In the last few weeks, several colleagues interested in strengthening the spiritual life of our students met to begin gaining a shared vision for that work. We asked Gary Moon from Westmont’s Dallas Willard Center for Christian Spiritual Formation to talk to us about what this might look like. Gary brought us Willard’s vision from Renovation of the Heart, which looks a bit like this:
At the center of this process is a transformation of our will, and the idea that we enter God’s Kingdom as our will and God’s will become the same.
This jives with the vision for life in the Spirit I’m currently drawing on. The spiritual disciplines are (where did this phrase come from?) practices and routines that deepen my surrender to God. This is the means of maintaining a life of denying self (surrender), willingness to lay down my will and take up the cross (acceptance), and a daily attempt to live the way of Jesus (offering my life for others). This way of life is tested through examining what it produces in me and for others, through daily discernment of whether the flesh or the spirit is bearing fruit in me. This serves my becoming a human being “fully alive,” one who is more and more centered in loving God and loving others.
This feels pretty simple (which could be a good sign) and certain (which could be a bad sign) for me. But I’m trying it on again today.
As I get more familiar with the pros at this, I find their simple approaches to be part of the greatest challenge to following their example. I would like to take on practices that make me “holy” without having to adjust my will (which Willard interchanges with “heart;” my spirit). Or, I’d rather be able to measure success by a changed sense of who I am and my own power to get through the day. I am more open to finding a program that displays rigor, draws admiration towards my pride, and might strengthen my authority and influence so that others could serve my will. In their best interest, of course.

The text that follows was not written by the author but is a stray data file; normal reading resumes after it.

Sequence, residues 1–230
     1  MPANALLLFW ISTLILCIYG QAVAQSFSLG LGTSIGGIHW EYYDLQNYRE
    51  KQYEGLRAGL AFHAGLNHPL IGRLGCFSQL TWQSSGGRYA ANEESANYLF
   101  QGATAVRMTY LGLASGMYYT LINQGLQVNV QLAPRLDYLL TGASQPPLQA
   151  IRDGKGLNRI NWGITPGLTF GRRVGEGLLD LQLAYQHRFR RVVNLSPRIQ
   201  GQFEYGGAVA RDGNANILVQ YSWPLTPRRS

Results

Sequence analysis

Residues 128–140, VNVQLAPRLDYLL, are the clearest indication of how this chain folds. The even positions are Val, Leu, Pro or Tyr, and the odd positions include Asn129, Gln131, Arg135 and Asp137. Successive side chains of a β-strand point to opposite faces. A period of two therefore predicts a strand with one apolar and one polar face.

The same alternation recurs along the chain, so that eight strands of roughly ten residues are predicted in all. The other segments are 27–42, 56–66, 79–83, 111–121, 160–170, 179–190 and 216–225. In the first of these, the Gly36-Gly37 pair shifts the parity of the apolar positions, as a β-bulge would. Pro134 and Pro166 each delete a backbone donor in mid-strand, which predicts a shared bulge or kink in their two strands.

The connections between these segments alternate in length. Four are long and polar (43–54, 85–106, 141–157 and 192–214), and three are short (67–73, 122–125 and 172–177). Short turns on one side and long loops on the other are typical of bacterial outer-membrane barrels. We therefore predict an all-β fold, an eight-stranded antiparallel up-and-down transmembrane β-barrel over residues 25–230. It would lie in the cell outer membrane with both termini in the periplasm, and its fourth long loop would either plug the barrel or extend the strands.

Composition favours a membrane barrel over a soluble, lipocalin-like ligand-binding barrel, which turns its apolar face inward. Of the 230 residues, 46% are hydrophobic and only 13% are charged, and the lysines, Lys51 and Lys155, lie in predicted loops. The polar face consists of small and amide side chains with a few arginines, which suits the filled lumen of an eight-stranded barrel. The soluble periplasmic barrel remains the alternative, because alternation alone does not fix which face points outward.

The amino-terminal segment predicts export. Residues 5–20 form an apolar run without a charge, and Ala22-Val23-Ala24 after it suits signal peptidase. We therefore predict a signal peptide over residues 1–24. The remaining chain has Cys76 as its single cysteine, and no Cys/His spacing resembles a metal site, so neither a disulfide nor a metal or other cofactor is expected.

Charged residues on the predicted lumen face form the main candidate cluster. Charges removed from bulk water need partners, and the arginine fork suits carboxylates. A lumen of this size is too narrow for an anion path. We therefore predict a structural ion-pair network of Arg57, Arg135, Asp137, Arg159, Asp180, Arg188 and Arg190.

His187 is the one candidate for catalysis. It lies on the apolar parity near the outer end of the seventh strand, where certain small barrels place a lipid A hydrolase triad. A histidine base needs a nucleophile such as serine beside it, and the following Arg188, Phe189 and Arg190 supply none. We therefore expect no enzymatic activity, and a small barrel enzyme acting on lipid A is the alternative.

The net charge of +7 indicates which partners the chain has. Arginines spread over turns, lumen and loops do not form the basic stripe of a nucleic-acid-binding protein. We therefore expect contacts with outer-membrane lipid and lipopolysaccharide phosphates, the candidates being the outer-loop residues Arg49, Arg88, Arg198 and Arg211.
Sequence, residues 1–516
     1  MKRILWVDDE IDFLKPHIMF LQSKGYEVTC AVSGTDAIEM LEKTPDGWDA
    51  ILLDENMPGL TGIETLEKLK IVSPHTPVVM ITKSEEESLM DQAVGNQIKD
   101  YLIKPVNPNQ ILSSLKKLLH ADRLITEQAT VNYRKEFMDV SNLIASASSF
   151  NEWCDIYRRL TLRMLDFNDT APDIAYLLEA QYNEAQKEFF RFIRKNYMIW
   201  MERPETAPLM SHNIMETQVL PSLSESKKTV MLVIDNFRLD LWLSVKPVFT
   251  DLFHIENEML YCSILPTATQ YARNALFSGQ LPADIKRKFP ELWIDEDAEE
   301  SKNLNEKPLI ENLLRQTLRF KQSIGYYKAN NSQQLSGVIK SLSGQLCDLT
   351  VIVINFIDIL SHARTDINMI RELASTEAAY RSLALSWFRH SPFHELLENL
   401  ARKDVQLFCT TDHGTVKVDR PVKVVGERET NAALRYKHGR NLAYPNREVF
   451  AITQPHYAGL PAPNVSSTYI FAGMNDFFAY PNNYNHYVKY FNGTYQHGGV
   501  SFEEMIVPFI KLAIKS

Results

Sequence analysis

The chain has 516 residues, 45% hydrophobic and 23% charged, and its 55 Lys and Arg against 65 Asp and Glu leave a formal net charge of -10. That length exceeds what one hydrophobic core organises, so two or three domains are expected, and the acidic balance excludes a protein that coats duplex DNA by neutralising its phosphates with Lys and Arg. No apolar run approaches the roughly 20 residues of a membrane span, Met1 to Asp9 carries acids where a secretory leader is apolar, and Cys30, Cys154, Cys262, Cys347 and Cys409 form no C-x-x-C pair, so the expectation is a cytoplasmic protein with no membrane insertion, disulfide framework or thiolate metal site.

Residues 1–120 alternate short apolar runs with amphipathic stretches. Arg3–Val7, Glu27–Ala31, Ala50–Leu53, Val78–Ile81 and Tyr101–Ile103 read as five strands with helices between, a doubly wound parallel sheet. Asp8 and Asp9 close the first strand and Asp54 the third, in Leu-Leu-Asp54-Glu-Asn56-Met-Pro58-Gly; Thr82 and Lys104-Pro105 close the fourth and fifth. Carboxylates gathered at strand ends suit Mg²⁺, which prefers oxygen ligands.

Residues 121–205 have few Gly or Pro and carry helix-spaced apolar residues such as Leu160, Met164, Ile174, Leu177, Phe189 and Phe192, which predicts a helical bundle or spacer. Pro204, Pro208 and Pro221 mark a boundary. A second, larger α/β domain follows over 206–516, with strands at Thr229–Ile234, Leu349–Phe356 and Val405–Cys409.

It’s true; as my four year old recently declared: I wish I could get everybody to do what I want to do.
I find these answers about spiritual transformation difficult because I’m not actually asking the question they’re answering. I want to know, “how do I get from A to B?”
No, not that B. No, not that B, either. Listen, you apparently don’t even understand where A is. I’m going to try another book.
But I don’t know A (where I am) or B (where I need to be). At A is the Spirit of God, speaking to my spirit, saying “you are beloved.” At B is me fully alive, fully living with and in that loving Spirit, through the Son, towards the Father. On the way is the good God does as we let him love others through us.
That’s going to be hard to map, chart, or to-do-list. It may require me to let go of many of the maps, charts, and to-do lists I’ve put sincere effort into envisioning and implementing to this point.
But the freedom in it is looking up from my plans to pause long enough that I see now, in this moment, I am at A. And right at this moment, B is breaking in, and I am moving towards arrival every time I put my attention and energy towards letting B a little more in.
It’s not an institutionally structured and assessed method of growth, service, or achievement. But it’s possible that it will lead me to do the next thing towards the will of God today. Which is where the Kingdom is, after all.